China aims to cut its carbon emissions by 60% to 65% by 2030 from 2005 levels.
The new target is part of a climate change plan the world’s largest greenhouse gas emitter has unveiled.
It follows a previous emissions control target to cut 40% to 45% from 2015 levels by 2020.
In 2014, carbon emissions per unit of GDP were more than 33% lower than the levels of 2005, according to the Chinese Government.
The country is submitting its target to the UN and so far 12 countries and the EU have set their emission goals.
China said it could achieve its new goal and is calling on other countries “for faster progress on climate talks” ahead of the COP21 summit in Paris later this year.
Chinese Premier Li Keqiang said: “China’s carbon dioxide emissions will peak by around 2030 but China will work hard to achieve the target at an even earlier date.”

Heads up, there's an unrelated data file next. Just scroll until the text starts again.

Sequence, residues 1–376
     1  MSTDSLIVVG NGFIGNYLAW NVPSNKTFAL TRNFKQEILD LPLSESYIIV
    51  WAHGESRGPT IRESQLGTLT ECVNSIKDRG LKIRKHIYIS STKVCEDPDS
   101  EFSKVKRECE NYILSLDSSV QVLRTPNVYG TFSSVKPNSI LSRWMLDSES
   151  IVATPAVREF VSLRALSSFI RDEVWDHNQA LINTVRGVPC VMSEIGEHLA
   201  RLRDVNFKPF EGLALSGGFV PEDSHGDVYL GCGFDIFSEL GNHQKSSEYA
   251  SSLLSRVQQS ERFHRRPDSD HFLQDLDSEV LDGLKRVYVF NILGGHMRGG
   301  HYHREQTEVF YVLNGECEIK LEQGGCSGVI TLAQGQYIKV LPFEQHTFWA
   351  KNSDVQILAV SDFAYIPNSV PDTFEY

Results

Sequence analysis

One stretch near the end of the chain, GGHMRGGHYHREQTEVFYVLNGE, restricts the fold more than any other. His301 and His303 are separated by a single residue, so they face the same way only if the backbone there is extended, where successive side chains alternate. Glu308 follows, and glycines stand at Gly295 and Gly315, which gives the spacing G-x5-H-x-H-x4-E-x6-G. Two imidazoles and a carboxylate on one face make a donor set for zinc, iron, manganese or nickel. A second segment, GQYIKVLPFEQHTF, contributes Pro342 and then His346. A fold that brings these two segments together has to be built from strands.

South Korea announced yesterday its plans to cut emissions by 37% by 2030.
UK Energy and Climate Change Secretary Amber Rudd welcome the news: “The momentum is building for a deal in Paris, and Britain will be working with China, South Korea and others to make sure we’re doing all we can to reach our shared goal of avoiding the most dangerous effects of climate change.”